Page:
Published in the January 2011 Today’s Hospitalist
WHEN “THE CHECKLIST MANIFESTO“ came out last year, I heard that it was required reading among federal officials involved in the bruising debate over health care reform. I thought, “I guess I should read it,” but I didn’t until now. And I’m glad I did.
In the book, Atul Gawande, MD “a surgeon at Boston’s Brigham and Women’s Hospital and staff writer at The New Yorker “explores the key tool used by the aviation industry to decrease errors and increase cockpit communication: a checklist. Mixing catchy stories with medical insight, Dr. Gawande discusses what he and his team of researchers undertook as part of a World Health Organization program to “reduce avoidable deaths and harm from surgery worldwide.”
He’s at first skeptical about such a grandiose goal. But when the group starts talking about a checklist for perioperative care, he becomes enthusiastic.
As Dr. Gawande explains, the role of the checklist is not to replace the creative and technical impulses of those who use it. Instead, it’s designed to round out those efforts with a systematic approach that increases communication among members of very complex organizations sharing high-risk endeavors. As he puts it, the goal is not “just ticking [off ] boxes “¦ Embracing a culture of teamwork and discipline is.” Sound familiar?
While the book doesn’t provide a sample checklist, Dr. Gawande makes several recommendations about how to produce one.
One, define a specific point at which the checklist will be used. Two, decide whether you want a DO-CONFIRM list, in which team members perform tasks and then stop to confirm they have done them, or a READ-DO list, in which team members carry out tasks while checking them off. Three, keep the list short, between five and nine items. Four, keep the wording simple and the list length to one page. And five, test and pilot the checklist before adopting it.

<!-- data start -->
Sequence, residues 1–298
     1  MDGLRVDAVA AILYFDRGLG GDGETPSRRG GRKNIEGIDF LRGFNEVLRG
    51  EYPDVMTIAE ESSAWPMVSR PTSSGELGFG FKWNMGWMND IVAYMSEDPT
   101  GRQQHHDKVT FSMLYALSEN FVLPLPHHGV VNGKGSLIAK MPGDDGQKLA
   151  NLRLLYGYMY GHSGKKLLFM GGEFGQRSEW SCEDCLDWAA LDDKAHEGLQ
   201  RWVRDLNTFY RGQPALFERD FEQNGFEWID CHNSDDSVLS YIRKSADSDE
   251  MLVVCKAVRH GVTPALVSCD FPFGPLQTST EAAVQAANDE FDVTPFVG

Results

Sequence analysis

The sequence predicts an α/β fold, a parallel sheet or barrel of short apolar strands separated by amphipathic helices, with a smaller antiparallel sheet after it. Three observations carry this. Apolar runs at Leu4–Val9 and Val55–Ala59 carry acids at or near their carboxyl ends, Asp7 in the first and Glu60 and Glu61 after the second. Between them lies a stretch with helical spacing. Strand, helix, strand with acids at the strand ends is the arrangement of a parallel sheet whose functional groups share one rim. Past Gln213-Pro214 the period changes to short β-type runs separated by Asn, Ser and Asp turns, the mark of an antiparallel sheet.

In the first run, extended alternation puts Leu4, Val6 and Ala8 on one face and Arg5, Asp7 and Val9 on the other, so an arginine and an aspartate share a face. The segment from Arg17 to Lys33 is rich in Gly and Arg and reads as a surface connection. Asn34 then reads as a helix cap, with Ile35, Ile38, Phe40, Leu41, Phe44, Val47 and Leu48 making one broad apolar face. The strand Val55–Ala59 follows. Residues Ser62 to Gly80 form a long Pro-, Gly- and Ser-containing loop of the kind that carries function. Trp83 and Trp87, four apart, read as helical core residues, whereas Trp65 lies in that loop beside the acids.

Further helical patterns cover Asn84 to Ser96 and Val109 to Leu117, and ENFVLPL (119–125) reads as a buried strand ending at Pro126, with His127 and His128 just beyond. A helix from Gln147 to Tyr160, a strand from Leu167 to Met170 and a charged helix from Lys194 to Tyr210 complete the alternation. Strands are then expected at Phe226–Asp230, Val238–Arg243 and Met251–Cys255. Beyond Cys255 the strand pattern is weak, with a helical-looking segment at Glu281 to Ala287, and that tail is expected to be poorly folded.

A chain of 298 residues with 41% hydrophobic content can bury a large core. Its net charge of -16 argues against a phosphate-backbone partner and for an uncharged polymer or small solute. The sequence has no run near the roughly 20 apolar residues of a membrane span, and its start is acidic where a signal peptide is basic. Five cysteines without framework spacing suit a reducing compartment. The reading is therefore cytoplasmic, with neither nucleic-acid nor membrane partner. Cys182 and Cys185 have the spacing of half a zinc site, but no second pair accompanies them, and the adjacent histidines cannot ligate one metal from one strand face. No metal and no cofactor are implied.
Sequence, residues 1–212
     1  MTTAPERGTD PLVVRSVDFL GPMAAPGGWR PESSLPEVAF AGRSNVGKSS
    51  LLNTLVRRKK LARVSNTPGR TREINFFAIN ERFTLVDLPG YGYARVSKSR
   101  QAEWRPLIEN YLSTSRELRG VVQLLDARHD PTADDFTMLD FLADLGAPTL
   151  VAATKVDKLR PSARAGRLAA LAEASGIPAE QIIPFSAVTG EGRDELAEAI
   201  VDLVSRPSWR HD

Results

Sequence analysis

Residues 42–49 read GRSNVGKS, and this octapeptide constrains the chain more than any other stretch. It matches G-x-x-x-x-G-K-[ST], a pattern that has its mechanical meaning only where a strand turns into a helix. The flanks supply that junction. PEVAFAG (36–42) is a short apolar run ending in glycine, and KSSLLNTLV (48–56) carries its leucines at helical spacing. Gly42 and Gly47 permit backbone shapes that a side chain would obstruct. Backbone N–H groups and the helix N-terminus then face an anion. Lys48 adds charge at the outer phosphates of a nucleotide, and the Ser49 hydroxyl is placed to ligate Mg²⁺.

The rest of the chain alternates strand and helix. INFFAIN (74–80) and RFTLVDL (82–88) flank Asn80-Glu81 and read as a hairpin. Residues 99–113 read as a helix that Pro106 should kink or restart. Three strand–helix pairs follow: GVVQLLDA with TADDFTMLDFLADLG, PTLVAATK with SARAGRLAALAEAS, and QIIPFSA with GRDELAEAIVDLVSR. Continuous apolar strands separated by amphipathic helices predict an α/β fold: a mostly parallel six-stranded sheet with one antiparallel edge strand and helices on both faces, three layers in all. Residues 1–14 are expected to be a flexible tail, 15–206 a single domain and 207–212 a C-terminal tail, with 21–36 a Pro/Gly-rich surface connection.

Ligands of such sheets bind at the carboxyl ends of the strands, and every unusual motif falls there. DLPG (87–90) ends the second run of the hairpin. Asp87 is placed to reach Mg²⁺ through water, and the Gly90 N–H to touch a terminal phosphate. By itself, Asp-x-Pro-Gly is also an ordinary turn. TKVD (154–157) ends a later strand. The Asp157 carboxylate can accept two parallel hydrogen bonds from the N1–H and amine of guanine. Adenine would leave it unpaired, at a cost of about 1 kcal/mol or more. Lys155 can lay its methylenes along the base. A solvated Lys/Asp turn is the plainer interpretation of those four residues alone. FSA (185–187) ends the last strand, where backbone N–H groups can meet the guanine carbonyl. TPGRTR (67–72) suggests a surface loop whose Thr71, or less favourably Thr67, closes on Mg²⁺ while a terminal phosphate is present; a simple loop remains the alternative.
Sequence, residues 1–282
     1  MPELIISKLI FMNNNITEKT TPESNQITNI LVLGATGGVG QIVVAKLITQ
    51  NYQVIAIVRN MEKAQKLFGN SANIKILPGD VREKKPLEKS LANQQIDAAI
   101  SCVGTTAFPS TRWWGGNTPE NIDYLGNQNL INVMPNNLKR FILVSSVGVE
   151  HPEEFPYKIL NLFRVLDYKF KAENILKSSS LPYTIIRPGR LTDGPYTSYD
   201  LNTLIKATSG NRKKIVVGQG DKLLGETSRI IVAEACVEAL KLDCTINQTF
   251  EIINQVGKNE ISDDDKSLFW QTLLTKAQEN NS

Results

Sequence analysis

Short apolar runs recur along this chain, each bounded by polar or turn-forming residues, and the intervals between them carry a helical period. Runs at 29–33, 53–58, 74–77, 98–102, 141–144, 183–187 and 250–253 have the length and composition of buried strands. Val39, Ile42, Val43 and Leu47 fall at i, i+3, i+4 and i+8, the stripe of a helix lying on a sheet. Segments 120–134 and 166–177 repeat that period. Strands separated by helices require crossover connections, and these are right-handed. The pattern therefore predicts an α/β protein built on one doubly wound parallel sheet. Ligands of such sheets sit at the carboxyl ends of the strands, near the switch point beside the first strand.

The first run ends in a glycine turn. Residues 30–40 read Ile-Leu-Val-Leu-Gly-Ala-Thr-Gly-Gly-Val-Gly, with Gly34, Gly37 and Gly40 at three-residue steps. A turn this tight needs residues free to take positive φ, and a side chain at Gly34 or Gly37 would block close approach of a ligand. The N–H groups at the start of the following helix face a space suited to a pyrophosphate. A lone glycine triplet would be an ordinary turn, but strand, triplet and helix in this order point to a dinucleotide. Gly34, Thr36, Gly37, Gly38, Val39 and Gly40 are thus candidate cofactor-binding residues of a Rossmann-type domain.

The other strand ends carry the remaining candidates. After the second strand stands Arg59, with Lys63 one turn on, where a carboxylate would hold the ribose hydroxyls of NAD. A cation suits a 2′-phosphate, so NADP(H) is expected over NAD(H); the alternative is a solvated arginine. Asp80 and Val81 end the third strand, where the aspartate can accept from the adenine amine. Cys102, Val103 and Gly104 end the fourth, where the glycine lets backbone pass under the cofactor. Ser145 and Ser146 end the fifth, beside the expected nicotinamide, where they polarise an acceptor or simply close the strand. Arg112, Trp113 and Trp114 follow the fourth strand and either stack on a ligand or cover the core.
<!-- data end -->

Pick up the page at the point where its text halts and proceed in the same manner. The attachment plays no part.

Procedural specialties already follow checklists when they identify patients and surgery sites. But what about cognitive specialties like hospital medicine? One idea throughout the book is the concept of “huddling,” in which team members gather for a short briefing on the plan of care.
Admission huddles at the bedside with the attending, nurse, residents and anyone else caring for a patient can serve as the pause point to initiate a checklist. That could include a review of medications and possible side effects; concerns a nurse may have about the patient; and a discussion on what to expect during the hospitalization. This enhanced communication can identify potential pitfalls, clarify discharge goals, and bring patients and nurses in as true partners.
We’ve now started holding admission huddles at my hospital. The magic of the checklist is not the actual “checking off” of items, but the dynamic that entails, flattening out the totem pole of health care teams to make every one equally accountable for patient care.
So, are you ready for a checklist?
Ruben Nazario, MD, is a pediatric hospitalist practicing at Inova Fairfax Hospital for Children in Falls Church, Va.